IAEA chief reassures Fukushima residents over nuclear plant water release

AFP , Wednesday 5 Jul 2023

The head of the UN's nuclear watchdog tried to reassure local residents and representatives on Wednesday that the planned release of treated wastewater from the Fukushima nuclear plant is safe.

IAEA Fukushima
International Atomic Energy Agency chief Rafael Mariano Grossi, left, attends a meeting in Iwaki, Fukushima prefecture, Japan Wednesday, July 5, 2023. AP


The planned, decades-long discharge of accumulated water from the devastated nuclear facility has been approved by the International Atomic Energy Agency (IAEA) as meeting global standards.

Its chief Rafael Grossi acknowledged at a meeting in Iwaki, Fukushima prefecture, that concerns remain.

"All these complex graphs and statistics are one thing but the reality, the reality of people, the reality of the economy, the reality of the social mood and perceptions may be different," he told a meeting of residents and officials.

Some 1.33 million cubic metres of groundwater, rainwater and water used for cooling have accumulated at the Fukushima site, which is being decommissioned after several reactors went into meltdown following the 2011 tsunami that badly damaged the plant.

Plant operator TEPCO treats the water through its ALPS processing system to remove almost all radioactive elements except tritium, and plans to dilute it before discharging it into the ocean over several decades.

The release is expected to begin this summer but is opposed by some regional neighbours, with Beijing vocally condemning the plan, as well as some in Fukushima, particularly fishing communities who fear customers will shun their catches.

Grossi said the IAEA was not involved in the process to "give cover... to decorate something that is bad".

"When it comes to this activity here, what is happening is not some exception, some strange plan that has been devised only to be applied here and sold to you," he said.

"This is, as certified by the IAEA, the general practice that is agreed by and observed by many, many places, all over the world."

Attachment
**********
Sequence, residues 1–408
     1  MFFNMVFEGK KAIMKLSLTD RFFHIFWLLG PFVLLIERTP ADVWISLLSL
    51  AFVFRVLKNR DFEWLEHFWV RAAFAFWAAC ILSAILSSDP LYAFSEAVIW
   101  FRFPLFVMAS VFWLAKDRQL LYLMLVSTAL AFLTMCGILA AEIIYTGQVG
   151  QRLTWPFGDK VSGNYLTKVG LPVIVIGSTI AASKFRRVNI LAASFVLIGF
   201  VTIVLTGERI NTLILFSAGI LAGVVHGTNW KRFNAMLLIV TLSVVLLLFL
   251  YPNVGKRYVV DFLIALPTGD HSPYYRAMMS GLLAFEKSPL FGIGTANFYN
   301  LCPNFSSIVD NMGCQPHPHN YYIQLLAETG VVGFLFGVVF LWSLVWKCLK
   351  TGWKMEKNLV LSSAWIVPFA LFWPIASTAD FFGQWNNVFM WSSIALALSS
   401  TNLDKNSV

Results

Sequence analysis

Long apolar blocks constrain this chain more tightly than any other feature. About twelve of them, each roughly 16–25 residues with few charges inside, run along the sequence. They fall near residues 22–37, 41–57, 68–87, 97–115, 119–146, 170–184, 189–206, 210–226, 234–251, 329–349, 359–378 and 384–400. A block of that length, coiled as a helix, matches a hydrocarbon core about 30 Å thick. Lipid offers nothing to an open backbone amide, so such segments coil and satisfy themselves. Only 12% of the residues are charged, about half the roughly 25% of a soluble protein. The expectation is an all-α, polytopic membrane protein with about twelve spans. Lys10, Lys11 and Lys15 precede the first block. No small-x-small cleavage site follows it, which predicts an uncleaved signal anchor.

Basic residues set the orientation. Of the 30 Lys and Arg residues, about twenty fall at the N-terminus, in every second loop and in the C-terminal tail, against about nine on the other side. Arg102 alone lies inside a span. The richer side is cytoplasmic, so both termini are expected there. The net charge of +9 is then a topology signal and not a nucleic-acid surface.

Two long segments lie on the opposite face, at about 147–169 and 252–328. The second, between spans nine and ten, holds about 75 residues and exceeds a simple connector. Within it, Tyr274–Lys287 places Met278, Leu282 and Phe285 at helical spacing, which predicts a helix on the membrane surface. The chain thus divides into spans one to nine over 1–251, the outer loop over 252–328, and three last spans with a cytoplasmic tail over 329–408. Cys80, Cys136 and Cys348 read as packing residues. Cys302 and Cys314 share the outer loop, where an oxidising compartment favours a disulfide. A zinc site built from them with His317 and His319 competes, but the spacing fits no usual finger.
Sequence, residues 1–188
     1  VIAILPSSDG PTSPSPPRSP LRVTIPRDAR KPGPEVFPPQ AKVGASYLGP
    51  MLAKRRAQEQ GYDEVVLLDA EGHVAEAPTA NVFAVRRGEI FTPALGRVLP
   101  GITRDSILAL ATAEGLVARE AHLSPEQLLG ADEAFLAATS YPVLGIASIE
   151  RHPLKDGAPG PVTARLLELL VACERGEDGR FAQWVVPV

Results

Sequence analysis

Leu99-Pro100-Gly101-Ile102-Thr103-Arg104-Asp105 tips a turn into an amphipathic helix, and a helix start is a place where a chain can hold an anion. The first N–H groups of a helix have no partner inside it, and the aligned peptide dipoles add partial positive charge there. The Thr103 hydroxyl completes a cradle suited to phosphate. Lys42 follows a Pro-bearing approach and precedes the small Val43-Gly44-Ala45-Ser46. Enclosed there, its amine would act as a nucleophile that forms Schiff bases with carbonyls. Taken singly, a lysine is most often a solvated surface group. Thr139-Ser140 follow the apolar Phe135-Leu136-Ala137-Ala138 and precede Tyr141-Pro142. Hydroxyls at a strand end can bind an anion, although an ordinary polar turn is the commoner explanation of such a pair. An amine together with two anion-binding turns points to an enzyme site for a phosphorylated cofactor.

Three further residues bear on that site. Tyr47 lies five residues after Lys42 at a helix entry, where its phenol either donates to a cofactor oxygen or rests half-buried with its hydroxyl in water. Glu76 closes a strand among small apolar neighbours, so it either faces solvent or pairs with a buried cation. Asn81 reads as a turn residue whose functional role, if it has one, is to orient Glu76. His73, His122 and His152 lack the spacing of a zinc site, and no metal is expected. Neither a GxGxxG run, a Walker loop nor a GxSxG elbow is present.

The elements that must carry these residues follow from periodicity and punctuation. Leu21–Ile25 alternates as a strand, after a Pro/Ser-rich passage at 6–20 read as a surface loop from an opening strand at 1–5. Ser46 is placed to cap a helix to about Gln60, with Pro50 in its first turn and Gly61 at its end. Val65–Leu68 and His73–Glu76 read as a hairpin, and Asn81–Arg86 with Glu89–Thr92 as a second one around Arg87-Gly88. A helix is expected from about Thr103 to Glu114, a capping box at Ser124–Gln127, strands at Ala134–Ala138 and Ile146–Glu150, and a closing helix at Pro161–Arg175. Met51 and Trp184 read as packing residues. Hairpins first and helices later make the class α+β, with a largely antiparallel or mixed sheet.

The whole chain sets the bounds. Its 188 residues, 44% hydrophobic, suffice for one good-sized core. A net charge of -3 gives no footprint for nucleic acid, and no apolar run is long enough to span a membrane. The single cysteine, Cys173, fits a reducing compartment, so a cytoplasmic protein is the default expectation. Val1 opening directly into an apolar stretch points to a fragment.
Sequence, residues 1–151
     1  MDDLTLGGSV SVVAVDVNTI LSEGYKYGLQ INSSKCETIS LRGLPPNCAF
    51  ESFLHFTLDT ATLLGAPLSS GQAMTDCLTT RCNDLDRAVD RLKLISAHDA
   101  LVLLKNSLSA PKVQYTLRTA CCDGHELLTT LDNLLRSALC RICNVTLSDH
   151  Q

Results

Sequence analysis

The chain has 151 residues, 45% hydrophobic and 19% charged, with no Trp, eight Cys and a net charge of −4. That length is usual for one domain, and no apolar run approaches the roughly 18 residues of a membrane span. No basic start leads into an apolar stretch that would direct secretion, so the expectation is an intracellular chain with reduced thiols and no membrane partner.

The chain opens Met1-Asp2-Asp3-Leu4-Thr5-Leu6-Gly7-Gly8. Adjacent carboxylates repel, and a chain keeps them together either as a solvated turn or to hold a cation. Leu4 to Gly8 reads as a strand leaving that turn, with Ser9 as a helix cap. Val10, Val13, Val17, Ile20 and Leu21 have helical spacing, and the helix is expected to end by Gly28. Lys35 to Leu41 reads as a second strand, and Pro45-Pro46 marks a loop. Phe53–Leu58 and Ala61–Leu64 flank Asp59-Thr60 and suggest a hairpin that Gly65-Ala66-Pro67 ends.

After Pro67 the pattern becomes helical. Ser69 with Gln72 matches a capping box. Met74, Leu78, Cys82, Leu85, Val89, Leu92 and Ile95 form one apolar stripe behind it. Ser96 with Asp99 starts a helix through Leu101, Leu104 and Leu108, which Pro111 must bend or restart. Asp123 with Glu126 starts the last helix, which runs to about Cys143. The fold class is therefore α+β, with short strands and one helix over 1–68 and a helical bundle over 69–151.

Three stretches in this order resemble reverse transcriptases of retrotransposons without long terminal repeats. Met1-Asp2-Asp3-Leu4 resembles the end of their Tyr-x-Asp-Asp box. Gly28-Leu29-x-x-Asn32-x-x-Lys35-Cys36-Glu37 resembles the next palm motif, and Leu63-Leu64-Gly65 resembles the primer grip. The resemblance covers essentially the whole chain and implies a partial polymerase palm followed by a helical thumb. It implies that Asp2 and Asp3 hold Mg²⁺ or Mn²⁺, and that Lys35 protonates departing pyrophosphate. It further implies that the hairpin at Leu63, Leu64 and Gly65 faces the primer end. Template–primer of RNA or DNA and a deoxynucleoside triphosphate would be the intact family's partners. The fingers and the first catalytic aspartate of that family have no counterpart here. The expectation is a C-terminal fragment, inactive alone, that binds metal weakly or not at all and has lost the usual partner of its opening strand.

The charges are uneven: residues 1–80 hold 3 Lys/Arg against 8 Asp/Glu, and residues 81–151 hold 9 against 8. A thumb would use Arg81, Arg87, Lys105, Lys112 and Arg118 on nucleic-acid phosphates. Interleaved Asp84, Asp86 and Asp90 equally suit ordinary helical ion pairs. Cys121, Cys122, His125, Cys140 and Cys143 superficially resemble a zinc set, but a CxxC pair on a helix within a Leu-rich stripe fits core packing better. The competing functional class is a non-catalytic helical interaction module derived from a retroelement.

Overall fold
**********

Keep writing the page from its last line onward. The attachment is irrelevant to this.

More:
'No choice'

Still, there is palpable anger among some residents who fear the reputational damage of the release.

Tetsu Nozaki, chairman of the Fukushima Prefectural Federation of Fisheries Co-operative Associations, argued Japan's government was misrepresenting local sentiment, which he said remained strongly opposed to the plan.

"We fishery operators are left with no choice but to react emotionally and harden our attitude," he told Grossi.

"I beg you to realise... that this project of the release of ALPS-processed water is moving ahead in the face of opposition."

Grossi said he had no "magic wand" that could assuage concerns but pointed out the IAEA will set up a permanent office to review the release over decades.

"We are going to stay here with you for decades to come, until the last drop of the water which is accumulated around the reactor has been safely discharged," he said.

The IAEA said Tuesday in a final report that the release would have "negligible" impact on the environment, a finding that South Korea said it respects.

China has been less conciliatory, with its foreign ministry spokesman warning Wednesday that "the report cannot prove the legitimacy of Japan's ocean-dumping plan".

"The IAEA report has not silenced strong calls to oppose ocean dumping coming from within and outside Japan," spokesman Wang Wenbin said.

Grossi is also visiting the Fukushima plant on Wednesday and will make stops in regional neighbours, including South Korea, after his Japan trip.

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